(This post contains language that’s not safe for work. I recommend you quit your job.)
Explicit lyrics are more explicit than they used to be. One of the top songs on adult-contemporary radio last year was a song by Pink whose title was elided to “F**kin’ Perfect,” or just “Perfect” to remove the most forbidden of all forbidden words from its official title. In the radio version of the song, the word was blanked out, which is a common practice today. (Sometimes it gets way out of hand, however: the radio edit of Foster the People’s “Pumped Up Kicks,” also a hit on AC radio, is rendered nearly unintelligible as a result of the blanks.) The old fashioned bleep is still used now and then, too.
Such bowdlerizing happened back in the day, but the bleeped words tended to be a lot less offensive than the big one. In 1969, the Johnny Cash hit “A Boy Named Sue” contained a famous edit: “Cuz I’m the bleep that named you Sue.” The offending content was “son of a bitch”; a stray “damn” was also removed from the song’s last line. It wasn’t until a CD reissue of At Folsom Prison years later that the unedited version was finally heard. In 1973, Pink Floyd’s “Money” contained the line “don’t give me that do-goody-good bullshit.” Edited versions were released that blanked out “bullshit” and just “shit,” your choice. That same year, the Charlie Daniels hit “Uneasy Rider” bleeped the potentially offensive word in the line “like their heads were on fire and their asses was catching.”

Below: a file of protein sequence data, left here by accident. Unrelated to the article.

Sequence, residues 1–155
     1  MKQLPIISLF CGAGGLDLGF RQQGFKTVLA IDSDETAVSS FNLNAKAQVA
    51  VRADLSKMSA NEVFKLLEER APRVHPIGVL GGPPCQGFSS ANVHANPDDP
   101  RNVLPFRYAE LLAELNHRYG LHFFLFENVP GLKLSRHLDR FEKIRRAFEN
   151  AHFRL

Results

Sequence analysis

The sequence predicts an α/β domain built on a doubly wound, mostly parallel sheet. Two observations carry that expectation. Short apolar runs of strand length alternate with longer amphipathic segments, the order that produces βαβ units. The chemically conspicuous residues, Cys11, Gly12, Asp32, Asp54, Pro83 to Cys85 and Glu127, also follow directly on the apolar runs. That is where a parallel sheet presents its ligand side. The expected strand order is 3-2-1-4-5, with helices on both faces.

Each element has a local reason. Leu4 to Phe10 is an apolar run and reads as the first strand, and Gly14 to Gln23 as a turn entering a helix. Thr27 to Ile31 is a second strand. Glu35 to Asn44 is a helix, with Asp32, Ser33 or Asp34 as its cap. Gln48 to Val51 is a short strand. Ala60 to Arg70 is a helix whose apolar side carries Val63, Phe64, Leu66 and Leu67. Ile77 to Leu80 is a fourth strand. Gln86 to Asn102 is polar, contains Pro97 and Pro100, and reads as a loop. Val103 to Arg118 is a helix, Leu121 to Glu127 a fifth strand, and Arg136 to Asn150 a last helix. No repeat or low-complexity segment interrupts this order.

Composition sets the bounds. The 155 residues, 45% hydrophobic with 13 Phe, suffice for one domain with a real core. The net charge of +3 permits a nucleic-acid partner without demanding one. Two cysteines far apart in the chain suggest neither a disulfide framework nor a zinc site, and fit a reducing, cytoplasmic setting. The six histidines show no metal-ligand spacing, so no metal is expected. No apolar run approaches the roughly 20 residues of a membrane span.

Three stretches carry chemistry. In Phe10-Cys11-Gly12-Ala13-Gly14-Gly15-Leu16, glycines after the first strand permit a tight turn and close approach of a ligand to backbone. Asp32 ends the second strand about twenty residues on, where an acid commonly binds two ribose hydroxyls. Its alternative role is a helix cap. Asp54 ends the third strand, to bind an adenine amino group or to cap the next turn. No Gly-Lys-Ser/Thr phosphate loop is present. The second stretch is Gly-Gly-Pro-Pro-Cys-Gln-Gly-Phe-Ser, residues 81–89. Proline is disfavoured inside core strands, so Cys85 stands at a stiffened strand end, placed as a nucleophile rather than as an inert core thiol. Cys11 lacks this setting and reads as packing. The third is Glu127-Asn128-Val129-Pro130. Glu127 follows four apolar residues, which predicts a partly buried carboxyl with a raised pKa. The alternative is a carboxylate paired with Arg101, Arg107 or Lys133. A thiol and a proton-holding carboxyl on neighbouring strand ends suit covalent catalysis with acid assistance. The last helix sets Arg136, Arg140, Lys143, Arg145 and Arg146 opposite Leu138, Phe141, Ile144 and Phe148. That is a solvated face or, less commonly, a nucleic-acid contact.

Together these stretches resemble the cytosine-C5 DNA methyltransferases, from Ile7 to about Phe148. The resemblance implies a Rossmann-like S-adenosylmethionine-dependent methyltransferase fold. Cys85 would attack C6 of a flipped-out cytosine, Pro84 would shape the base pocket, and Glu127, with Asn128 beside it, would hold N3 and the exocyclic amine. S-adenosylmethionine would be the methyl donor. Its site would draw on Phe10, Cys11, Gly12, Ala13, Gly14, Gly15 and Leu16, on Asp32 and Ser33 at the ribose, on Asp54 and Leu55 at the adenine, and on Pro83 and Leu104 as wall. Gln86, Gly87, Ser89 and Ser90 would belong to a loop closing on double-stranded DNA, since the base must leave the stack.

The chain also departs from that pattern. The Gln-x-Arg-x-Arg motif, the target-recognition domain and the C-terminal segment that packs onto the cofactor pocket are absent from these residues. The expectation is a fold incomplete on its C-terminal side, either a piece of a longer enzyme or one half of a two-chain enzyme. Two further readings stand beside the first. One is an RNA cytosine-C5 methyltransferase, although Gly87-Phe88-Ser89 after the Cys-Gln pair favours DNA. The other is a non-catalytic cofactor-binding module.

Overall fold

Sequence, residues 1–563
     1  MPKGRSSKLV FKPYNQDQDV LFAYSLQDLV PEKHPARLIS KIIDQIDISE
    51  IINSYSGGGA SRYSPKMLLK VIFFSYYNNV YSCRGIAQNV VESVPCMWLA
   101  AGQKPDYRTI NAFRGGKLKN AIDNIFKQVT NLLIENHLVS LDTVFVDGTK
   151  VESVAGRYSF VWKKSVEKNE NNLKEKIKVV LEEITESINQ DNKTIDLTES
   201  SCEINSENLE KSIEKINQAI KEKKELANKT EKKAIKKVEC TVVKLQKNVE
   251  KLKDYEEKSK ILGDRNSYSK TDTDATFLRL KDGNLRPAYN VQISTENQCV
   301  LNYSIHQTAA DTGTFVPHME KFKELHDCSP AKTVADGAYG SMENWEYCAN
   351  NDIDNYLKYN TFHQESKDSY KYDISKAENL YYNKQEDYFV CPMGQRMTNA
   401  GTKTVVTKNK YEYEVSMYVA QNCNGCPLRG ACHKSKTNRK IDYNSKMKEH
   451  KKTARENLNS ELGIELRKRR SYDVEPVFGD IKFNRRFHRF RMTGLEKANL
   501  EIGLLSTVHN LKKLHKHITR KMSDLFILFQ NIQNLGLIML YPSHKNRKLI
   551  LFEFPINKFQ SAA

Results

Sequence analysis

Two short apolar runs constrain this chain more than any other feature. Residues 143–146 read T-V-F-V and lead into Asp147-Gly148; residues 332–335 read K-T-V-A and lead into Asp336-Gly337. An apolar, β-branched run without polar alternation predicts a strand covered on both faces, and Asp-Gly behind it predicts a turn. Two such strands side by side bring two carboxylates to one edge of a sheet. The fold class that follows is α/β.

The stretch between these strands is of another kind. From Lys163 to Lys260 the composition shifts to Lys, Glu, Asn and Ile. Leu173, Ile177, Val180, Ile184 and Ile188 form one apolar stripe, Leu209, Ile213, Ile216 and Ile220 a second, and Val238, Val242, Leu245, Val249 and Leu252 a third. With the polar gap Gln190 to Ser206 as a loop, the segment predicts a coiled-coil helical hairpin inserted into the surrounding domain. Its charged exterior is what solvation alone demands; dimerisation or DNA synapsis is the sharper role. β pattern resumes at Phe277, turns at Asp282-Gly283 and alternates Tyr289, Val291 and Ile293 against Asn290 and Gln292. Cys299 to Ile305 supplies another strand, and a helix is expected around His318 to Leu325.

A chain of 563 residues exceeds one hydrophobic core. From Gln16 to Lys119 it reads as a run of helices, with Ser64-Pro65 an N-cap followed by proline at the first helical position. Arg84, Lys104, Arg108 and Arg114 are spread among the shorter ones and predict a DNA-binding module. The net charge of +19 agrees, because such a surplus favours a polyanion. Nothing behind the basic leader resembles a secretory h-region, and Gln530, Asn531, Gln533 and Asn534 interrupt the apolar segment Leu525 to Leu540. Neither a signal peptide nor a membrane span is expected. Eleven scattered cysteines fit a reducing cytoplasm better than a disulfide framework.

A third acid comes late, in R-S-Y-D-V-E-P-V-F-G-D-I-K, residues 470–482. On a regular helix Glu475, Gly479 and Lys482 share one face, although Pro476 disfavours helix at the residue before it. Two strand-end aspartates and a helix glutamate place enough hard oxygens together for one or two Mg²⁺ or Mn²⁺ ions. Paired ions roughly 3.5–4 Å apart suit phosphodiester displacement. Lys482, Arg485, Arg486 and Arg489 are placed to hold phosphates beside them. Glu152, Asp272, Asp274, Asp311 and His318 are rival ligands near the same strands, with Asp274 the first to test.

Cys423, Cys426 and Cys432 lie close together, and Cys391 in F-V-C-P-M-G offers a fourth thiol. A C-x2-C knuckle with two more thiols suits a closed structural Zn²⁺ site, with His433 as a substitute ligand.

Daniels would alter one of his most famous songs six years later, changing the last line of “The Devil Went Down to Georgia” on the 45 from “I done told you once, you son of a bitch, that I’m the best that’s ever been” to “I done told you once, you son of a gun,” which completely eviscerates the song’s emotional payoff. In 1977, Steve Miller had performed a similar alteration on “Jet Airliner,” changing “I don’t want to get caught up in any of that funky shit goin’ down in the city” to “funky kicks goin’ down in the city.” In that case, however, “funky kicks” is arguably a better, more poetic phrase—and way Miller sings it, with a double-tracked harmony line, is better than the original, too.
While “son of a bitch” remained beyond the pale in 1979, “bitch” had been accepted years before, conditionally. “Bitch,” the B-side of the Rolling Stones’ “Brown Sugar,” got a great deal of airplay in 1971. Elton John scored a top-10 hit with “The Bitch Is Back” in 1974, even as some radio stations refused to announce the title. A year later, Neil Sedaka sang “the bitch is in the smile” on “Bad Blood,” part of a song that has as unremittingly nasty a lyric as you could find on the radio in the 1970s.
But “bitch” was not acceptable every time. Thirty-five years ago this spring, “Rich Girl” by Hall and Oates generated a bit of controversy because of the line “it’s a bitch girl.” Why “bitch” in the form of a tossed-off adjective should be less acceptable than “bitch” as an epithet, as in “Bad Blood” or “The Bitch Is Back,” I don’t know, but to some radio stations, it was. A few got around the problem with a homemade edit, splicing in a repetition of the line “you’re a rich girl.” When Hall and Oates sang the song on The Midnight Special, something similar happened. But what I can’t tell is whether Daryl Hall sang it that way live, or if it was spliced in later.
I’m sure I’ve missed some other excellent examples of edited naughty language that you will provide in the comments.